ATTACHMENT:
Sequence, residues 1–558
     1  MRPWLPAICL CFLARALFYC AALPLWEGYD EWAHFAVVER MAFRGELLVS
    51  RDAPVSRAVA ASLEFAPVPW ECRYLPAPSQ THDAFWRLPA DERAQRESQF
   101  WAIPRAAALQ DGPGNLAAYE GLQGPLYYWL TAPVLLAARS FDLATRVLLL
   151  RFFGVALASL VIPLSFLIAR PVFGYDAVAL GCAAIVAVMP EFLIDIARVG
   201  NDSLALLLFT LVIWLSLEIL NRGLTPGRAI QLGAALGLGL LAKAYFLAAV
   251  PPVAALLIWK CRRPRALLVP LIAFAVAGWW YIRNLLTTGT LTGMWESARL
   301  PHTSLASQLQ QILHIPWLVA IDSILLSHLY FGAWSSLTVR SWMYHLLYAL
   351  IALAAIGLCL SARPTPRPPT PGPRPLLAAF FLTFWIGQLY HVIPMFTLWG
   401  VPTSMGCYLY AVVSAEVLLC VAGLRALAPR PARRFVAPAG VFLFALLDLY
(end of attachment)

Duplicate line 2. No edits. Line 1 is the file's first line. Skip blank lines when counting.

     1  MRPWLPAICL CFLARALFYC AALPLWEGYD EWAHFAVVER MAFRGELLVS